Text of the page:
“Memorizes and quotes long scripts of favorite TV shows, sing entire songs, or label lots of objects, but he/she uses very few ‘real’ or meaningful words to ask for things or participate in conversation.  (Again, he does every single one of these.  He could practically be a child actor the way he can read, memorize and recite a script.  Hell, maybe that’s what he would be good at, acting.  But what kind of conversation should he be participating in? Adults surround him all day, but should I feel bad about that?  About being able to save money by not having to send him to daycare because he has both sets of grandparents alive and able to care for him during our work days?)

“Spends a lot of time lining things up or putting things in a certain order, and gets upset if this is disrupted.”  (Cars.  Trucks. So what? He has taken these same objects and created the shape of letters to spell words, it is really quite fascinating.)

 “Shows unusual attachments to toys, objects, or schedules.”  (Clean or dirty, he carries around the same green blanket he’s held since birth, handcrafted by his Nana.  And his favorite furry friends are all dogs, Scout, Puppy, and Fluffy.  They go everywhere, the car ride, bedtime, and even couch sitting.)

“Seems to prefer to play alone.”

“Seems to be in his/her ‘own world’.”

“Is very independent for his/her age.”

“Shows very little interest in other children.”

(Yes, sorta.  But, he has also been almost like an only child since his sister lives with her mom now. He kinda does have his own world.  But when we go to the park he tries to play with other kids, but they are usually much older and when they run away, he thinks it’s because they want him to chase them.)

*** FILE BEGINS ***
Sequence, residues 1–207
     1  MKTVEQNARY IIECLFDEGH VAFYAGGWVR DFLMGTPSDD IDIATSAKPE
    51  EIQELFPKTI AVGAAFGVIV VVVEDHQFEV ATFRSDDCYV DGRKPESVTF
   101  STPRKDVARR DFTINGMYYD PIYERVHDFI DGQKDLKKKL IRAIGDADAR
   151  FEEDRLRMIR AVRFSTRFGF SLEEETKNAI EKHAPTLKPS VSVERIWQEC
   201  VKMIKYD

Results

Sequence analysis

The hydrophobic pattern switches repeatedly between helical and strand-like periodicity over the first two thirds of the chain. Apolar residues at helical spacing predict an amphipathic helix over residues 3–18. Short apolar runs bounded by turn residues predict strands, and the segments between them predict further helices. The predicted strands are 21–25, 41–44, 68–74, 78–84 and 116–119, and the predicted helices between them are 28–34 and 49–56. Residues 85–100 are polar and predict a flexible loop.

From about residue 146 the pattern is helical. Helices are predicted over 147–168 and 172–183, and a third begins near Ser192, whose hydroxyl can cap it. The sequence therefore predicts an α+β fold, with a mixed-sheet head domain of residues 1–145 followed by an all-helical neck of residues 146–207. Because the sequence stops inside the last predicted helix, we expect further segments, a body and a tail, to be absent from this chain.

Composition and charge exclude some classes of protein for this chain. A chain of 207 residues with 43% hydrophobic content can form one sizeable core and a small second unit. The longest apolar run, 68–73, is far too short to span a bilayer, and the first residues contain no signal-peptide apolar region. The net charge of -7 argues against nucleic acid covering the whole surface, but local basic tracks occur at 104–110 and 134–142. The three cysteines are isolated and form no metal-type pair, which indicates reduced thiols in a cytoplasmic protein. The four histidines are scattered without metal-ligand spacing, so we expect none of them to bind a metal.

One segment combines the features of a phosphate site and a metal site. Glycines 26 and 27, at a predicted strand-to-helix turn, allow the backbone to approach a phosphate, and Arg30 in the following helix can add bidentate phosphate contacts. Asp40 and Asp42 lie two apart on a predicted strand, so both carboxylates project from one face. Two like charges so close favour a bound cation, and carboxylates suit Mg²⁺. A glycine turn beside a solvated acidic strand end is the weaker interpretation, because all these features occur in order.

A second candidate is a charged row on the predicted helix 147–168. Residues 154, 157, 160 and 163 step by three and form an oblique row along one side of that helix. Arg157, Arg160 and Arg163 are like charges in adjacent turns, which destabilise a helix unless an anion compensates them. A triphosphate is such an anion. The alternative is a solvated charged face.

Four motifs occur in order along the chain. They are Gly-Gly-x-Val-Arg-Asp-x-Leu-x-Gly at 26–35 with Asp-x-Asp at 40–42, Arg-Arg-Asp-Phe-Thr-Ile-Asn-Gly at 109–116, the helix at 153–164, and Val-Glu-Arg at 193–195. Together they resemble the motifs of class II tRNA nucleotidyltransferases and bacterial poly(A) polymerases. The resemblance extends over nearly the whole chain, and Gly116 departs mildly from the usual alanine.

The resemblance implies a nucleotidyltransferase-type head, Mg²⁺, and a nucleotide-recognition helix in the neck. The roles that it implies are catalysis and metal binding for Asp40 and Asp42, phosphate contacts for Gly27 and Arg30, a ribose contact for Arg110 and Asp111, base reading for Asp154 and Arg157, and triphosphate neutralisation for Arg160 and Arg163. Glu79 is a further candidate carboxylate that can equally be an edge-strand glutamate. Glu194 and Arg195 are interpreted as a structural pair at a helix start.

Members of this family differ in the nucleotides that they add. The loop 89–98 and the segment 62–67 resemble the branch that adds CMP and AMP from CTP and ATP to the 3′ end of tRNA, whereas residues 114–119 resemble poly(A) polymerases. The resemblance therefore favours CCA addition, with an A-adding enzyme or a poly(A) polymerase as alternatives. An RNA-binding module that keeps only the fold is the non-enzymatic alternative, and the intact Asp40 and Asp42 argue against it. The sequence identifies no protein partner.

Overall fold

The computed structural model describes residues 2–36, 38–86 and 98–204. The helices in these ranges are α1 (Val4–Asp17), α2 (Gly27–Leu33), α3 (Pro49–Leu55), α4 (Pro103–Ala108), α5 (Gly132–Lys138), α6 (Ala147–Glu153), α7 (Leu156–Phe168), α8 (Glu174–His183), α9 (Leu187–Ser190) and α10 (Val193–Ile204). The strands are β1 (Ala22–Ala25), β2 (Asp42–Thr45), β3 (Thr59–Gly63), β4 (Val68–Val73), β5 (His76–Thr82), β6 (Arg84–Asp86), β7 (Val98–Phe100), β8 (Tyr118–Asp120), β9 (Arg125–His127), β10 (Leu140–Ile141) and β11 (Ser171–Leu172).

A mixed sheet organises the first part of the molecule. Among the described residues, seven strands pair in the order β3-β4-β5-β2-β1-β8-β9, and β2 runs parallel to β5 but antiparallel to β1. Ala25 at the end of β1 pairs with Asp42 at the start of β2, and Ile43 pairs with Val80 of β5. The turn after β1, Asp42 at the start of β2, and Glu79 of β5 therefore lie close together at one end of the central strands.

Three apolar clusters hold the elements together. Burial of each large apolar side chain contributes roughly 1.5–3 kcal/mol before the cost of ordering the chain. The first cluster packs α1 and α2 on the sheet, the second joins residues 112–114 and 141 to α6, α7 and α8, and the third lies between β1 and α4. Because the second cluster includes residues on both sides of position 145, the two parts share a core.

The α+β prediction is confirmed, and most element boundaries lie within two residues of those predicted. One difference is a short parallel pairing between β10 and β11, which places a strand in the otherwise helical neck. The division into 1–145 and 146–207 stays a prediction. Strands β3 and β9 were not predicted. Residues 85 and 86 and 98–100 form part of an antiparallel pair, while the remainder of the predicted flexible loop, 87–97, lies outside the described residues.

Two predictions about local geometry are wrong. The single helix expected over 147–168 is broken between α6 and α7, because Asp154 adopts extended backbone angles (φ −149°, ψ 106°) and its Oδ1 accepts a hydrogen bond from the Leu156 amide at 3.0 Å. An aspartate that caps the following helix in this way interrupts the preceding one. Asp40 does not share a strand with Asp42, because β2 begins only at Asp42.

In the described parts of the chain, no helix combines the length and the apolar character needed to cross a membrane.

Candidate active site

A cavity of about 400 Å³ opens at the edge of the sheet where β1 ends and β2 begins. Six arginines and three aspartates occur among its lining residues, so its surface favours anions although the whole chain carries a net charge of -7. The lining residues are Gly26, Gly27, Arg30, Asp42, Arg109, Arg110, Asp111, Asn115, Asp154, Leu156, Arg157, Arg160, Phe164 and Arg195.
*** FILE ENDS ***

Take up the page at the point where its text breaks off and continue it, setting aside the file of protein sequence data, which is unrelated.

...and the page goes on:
“Does not consistently respond to his/her name.” (That’s our fault.  I mean the kid has so many nicknames.  Gingy.  Gingerbread.  Manny.  Manuel.  Nene.  Just to name a few.  There’s a possibility he is confused.)

“Cannot tell you what he/she wants with words or gestures.”  (If I say, “May I have,” he finishes the sentence by telling me what he wants followed by please.  I taught him that is how to ask.  But he doesn’t do it on his own in a sentence.  He will just say the word alone.  Like, milk.  Cheese.  Watermelon.  If I give him a few options, he will pick one.  Like, berry juice or apple juice.  So he gets his point across, just not the same way I would.  But I am a 30-year-old attorney…he’s a 3-year-old inquisitive young boy.)

“Doesn’t follow directions.”  (Maybe not at first.  But, eventually.  And besides, he’s a toddler!  He listens when he wants to, right?  Isn’t that how they are supposed to be?  But he can get his own pull-up and wipes, when asked.  He can get his own shoes, but needs help putting them on.  He puts his arms in his shirt and legs in his pants when instructed.  He cleans up his letters off the floor when he knows he will get the iPad.  He puts his own trash in the garbage when told.  He can pick out a book before bedtime.  He knows the proper location and direction of the kitchen, his bed versus his Mom and Dad’s, and the front door where he lives.  And if you tell him to close his eyes, he will go to sleep.)

“Has odd movement patterns…especially when excited.”  (He does do this strange thing with his hands and eyes when he is excited but I can’t describe it.  I always thought he was just being silly.)

 “Throws intense or violent tantrums.”  (Haha.  What toddler hasn’t done this?  No, but seriously, he does throw a tantrum but what makes it intense or violent?  I’ve never seen a toddler do a tantrum “softly.”)

 So that’s that. KDB’s 15/31 signs of autism according to this article I read.

I will say that all the articles were in agreement about a few very important things.  If you are concerned, you should have your child evaluated sooner than later.  And if they fall on the spectrum, then there is help for them and they can be offered assistance as they grow into their educated years.  And of course, just because a child has shown several of the listed signs, doesn’t mean they are autistic at all.


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Devika Lynn Carr

Wife and Mother. Entrepreneur. Attorney. Author. Artist.